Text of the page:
ABU SIMBEL, Egypt – Hundreds of visitors gathered in Egypt on Wednesday at the Great Temple of Ramses II to watch the sun illuminate colossal statues, a rare 3,200-year-old astronomical ceremony that happens twice a year.
At dawn at Abu Simbel, local dignitaries and tourists patiently waited for the sun to send a beam of light into the ancient temple's dark inner chamber for over 10 minutes, lighting three of four enormous, 22-meter (72-feet) -high statues.
Thirty-two centuries ago, during the reign of Ramses II, the temple was precisely built to align with the sun twice a year, celebrating the pharaoh's birthday and coronation.
It is considered one of the most beautiful of Egypt's ancient monuments and it is well-known for its four colossal statues of Ramses II, the sun gods Re-Horakhte and Amon-Re, and the Theban god of darkness Ptah, the only one who is not lit by the solar alignment.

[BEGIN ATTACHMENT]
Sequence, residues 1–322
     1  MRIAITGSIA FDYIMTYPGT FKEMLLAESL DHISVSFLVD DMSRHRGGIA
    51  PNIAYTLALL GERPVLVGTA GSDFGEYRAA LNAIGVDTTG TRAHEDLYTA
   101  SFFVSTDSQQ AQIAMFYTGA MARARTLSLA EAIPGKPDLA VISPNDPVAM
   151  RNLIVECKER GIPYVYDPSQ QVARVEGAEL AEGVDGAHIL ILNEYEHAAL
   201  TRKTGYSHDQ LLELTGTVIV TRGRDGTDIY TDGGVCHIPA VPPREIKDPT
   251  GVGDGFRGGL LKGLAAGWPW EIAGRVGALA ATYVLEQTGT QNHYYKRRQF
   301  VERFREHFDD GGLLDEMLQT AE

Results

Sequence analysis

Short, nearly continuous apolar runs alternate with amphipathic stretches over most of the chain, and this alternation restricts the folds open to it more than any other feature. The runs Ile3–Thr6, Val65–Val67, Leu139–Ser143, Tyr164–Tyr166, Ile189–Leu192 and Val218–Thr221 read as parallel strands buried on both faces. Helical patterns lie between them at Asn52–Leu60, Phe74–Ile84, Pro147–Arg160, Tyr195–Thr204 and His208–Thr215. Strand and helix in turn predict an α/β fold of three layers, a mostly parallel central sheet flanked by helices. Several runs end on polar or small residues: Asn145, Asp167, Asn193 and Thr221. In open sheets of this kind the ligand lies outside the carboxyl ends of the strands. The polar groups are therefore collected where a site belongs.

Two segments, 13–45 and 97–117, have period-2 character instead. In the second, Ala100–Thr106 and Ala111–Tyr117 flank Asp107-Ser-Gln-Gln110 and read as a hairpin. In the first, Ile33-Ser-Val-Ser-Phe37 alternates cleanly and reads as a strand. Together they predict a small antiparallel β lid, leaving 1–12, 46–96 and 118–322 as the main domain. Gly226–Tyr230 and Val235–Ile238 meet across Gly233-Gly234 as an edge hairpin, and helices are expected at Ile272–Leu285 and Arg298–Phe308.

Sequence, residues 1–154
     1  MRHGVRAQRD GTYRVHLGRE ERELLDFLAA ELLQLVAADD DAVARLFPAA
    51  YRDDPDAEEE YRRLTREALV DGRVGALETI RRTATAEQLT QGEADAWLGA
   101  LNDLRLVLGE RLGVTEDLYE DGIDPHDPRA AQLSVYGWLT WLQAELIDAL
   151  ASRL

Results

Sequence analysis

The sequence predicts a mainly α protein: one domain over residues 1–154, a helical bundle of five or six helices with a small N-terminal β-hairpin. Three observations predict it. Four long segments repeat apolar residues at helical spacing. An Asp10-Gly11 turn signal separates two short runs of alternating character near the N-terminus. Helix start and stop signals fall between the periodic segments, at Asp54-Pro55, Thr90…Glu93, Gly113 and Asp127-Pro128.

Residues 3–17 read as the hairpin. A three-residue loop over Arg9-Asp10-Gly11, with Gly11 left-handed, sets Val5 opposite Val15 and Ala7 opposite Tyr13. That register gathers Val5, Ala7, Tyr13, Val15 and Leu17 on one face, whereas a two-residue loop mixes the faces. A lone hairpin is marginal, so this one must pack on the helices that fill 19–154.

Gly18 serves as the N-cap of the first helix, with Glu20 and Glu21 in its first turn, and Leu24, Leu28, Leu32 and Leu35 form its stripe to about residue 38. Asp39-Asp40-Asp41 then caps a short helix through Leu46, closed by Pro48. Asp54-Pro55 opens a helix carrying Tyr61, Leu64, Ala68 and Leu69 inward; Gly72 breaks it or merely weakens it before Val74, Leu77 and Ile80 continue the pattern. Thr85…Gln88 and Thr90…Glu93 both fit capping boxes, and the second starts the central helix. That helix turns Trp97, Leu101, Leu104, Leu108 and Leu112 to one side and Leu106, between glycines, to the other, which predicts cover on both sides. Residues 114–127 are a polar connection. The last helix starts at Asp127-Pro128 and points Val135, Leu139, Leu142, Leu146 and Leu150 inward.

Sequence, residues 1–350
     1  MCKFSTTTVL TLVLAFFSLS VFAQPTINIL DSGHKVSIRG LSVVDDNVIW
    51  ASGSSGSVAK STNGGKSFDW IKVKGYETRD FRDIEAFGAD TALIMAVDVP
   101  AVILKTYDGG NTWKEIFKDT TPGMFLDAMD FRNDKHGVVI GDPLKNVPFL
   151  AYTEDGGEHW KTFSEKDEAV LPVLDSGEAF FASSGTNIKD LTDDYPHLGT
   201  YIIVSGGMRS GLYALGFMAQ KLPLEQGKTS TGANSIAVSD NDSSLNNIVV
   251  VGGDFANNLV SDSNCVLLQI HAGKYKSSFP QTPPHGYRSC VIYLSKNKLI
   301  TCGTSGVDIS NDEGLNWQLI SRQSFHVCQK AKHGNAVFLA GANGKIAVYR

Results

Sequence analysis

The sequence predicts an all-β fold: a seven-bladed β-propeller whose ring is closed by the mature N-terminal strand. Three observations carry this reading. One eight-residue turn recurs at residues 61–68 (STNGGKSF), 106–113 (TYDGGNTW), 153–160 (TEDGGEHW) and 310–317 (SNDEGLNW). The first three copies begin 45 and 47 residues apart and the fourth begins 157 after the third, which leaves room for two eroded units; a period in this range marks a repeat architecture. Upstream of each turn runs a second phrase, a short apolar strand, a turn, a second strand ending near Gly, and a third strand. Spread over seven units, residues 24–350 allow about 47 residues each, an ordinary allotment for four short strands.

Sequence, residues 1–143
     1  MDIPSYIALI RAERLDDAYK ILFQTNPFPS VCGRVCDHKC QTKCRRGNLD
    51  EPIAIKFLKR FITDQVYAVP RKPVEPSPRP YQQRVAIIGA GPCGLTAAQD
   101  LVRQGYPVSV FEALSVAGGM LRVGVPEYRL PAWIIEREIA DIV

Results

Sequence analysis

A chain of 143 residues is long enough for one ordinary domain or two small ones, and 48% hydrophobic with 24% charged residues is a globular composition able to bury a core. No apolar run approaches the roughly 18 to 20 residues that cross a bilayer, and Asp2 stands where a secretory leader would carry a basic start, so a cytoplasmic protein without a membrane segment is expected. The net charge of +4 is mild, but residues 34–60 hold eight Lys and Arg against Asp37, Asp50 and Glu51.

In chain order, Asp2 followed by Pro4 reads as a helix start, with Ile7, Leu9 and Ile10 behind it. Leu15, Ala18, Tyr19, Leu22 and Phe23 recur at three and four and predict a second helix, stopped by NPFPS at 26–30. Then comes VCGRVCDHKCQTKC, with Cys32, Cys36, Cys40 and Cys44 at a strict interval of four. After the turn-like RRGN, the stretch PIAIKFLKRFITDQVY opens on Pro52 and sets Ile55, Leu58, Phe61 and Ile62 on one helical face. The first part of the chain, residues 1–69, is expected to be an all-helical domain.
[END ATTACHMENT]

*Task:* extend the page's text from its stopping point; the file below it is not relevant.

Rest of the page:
"The phenomenon attracts a lot of people who want to come and see it because it doesn't exist in any other country," said Moustafa Yousri, governor of the city of Aswan.
Six folklore groups from across Egypt entertained the crowd with regional varieties of traditional costumes, dances and songs.
Since being relocated in the 1960s to make way for the Aswan dam's reservoir, Lake Nasser, the day of the solar alignment is one day later in the year.
Egyptian authorities are working hard to revive the tourism industry, collapsed in the wake of the 2011 uprising and the political turmoil that followed.